If you don't have a sense of the return on Capital of a work item and how that varies from item to item, you can't prioritize well. The mind of the perceiver defines the Perceived Value. You can not estimate the Perceived Value reasonably without knowing that mind. You must know your stakeholders well and engage with them deeply and regularly.
Aligning Perceived and Real Value
Never lose sight of the fact that your ultimate goal is to deliver Real Value for your company. Delivering Perceived Value is a means to an end. With that in mind, it makes sense for you to try to align Perceived Value and Real Value as much as possible. For a stakeholder to perceive value in a unit of work, it has to benefit them somehow. In the technology world, that benefit may not be immediately apparent. You need to make that evident by selling the work as something that is going to benefit them. Convince them of the result's value so that the Real Value of that work has a higher Perceived Value to that stakeholder. Of course, only do that if it's true. In general, lying is a great way to destroy your Political Capital with your stakeholders. Avoid it at all costs.
You can increase the Perceived Value of the same work by unexpectedly supplying additional value. If you recognize the old trope 'Under promise, over deliver.', you aren't wrong. It is an old trope because it works so well. If one of your stakeholders is in a tight time crunch and you can deliver a few days early, giving that stakeholder a couple of days of wiggle room can massively increase the return in Capital. Providing features that are 'better' in some way then what you agreed to with your stakeholder also increases the Perceived Value of that work. Be always on the lookout for these opportunities. Be careful though, these 'wins' generally come from good planning, estimation, and focus rather than last-minute crunches.
Inevitably, there will come a time when you are not able to deliver something on time. That is going to cost you Capital. The key to minimizing your Capital loss is being transparent and informing the stakeholder as early as possible. It is always tempting, especially in politically charged environments, to wait and try to 'save' things. You think to yourself, 'We still have time, we can still make it happen,' even when you know the likelihood of success is very low. Once it's probable that you won't make the deadline and you have enough information to set a new deadline, reach out to your stakeholder and let them know. They won't be happy if you tell them the month before the deadline that you won't be delivering, but it will be much worse if you tell them the day before.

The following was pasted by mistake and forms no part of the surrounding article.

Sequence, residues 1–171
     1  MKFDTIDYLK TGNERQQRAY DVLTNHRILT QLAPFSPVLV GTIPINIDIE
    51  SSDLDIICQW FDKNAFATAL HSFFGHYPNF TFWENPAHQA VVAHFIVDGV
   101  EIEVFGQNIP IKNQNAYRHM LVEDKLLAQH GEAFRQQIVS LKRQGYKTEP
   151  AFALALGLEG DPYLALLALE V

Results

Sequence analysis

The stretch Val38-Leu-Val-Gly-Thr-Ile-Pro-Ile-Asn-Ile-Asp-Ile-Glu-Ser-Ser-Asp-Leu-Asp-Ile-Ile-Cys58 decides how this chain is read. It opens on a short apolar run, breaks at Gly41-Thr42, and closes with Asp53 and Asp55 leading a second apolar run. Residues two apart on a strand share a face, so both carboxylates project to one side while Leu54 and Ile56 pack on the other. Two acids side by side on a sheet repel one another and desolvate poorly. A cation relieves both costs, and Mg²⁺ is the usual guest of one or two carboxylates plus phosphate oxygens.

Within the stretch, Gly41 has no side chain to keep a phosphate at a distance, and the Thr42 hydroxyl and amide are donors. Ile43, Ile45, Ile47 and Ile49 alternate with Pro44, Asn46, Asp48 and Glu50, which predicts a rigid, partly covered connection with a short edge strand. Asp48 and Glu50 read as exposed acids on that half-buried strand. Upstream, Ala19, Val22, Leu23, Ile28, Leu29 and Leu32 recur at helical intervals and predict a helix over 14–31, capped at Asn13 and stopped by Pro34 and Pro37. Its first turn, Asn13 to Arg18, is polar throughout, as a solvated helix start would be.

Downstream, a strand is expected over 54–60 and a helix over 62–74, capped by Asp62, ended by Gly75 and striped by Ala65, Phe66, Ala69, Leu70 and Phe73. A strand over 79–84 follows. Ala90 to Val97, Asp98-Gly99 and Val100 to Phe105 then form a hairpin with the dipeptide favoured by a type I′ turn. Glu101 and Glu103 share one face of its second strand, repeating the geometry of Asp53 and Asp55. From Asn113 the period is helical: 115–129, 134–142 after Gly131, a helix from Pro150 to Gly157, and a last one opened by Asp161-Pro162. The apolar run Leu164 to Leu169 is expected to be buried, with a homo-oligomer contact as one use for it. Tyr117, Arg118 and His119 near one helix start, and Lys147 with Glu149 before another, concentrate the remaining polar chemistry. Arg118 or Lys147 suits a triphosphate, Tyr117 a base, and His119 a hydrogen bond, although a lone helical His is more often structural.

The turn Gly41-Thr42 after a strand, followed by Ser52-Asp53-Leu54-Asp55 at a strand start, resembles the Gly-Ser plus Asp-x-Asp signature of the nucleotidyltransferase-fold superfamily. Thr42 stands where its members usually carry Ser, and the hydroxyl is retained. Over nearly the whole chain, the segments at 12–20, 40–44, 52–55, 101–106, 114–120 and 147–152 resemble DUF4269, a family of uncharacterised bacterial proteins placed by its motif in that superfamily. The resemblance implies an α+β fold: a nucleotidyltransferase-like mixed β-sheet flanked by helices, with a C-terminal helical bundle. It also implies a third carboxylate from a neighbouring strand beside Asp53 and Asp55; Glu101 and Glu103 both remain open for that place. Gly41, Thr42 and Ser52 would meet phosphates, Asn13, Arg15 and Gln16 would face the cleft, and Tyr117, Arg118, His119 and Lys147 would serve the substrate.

Once you have delivered a unit of work, celebrate that unit of work, update the stakeholders who perceive value in that work. Measure the value of that work metrics, review those metrics, and review those metrics with your stakeholders from time to time. People have a relatively short memory, helping them remember the value your organization has and continues to provide enables you to capture and retain Political Capital. Be careful here. This celebration and review have to feel natural to both them and you. Otherwise, you run the of squandering your Capital. The natural points are when you deliver a unit of work or when the metrics around a unit of work change significantly.
Drawing on Capital
You draw on the capital is implicit. You draw on capital when you can't deliver on time. You draw on capital when focus on delivering something that does not provide Perceived Value to your stakeholder at the expense of something that does. That drawing on capital should almost never be explicit. Only in the most extreme cases should you say to your stakeholder 'do you remember all these great things I delivered for you in the last few months, you have to cut us some slack'. That is, very much a last resort. That transaction is implicit.
Your goal as a leader is to always produce Real Value for the organization. However, focusing exclusively on high Real Value, but low Perceived Value is a very seductive trap. Be aware of the Perceived Value produced and use that as one of the essential metrics that drive how you schedule the work. If you do this well, you will have the Political Capital to draw on when you need it. If you don't, you won't have it when you need it and will end up bankrupt.